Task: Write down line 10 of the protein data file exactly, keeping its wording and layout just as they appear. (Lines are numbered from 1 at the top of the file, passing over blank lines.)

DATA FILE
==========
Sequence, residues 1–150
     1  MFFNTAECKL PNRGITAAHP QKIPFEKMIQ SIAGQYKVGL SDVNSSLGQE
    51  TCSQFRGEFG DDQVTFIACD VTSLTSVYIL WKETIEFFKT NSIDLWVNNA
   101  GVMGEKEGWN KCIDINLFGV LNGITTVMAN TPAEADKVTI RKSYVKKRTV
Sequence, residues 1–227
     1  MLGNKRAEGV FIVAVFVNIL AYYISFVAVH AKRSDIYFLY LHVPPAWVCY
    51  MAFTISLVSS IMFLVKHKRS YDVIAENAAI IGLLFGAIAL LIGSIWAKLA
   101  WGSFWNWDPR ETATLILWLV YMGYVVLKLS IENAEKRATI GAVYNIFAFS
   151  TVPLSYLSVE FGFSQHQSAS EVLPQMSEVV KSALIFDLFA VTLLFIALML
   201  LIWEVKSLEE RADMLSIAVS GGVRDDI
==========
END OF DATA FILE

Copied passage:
   201  LIWEVKSLEE RADMLSIAVS GGVRDDI